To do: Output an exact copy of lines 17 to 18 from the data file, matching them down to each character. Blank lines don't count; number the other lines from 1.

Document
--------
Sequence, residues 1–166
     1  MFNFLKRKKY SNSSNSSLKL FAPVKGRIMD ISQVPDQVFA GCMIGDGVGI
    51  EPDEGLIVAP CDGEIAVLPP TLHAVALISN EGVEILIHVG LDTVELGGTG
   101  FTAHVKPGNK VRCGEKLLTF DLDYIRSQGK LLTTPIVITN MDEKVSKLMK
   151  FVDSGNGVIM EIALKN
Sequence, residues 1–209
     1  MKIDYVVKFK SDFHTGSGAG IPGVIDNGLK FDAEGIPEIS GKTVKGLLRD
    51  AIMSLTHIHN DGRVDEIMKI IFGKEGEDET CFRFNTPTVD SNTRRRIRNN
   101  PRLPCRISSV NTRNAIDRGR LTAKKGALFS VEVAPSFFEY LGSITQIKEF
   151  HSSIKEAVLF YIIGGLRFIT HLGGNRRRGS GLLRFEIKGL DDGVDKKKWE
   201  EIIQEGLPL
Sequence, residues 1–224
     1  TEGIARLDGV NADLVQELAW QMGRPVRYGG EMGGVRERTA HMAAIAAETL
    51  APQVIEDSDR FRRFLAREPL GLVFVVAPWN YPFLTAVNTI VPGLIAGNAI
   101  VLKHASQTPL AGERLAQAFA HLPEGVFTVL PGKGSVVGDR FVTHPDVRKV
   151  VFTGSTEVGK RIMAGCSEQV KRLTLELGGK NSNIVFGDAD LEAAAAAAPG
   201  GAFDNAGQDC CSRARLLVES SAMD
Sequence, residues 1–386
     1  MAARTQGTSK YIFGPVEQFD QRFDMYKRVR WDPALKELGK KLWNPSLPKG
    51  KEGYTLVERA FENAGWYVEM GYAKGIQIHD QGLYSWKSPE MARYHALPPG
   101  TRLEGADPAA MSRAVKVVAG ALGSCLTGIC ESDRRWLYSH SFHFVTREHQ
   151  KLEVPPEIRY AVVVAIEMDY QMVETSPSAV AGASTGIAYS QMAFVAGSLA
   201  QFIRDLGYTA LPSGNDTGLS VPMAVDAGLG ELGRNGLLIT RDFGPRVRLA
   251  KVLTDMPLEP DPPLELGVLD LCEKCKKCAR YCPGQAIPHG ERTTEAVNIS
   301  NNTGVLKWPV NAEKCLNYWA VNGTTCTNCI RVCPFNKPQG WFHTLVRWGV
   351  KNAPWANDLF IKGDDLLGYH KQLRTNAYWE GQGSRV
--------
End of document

   201  GAFDNAGQDC CSRARLLVES SAMD
Sequence, residues 1–386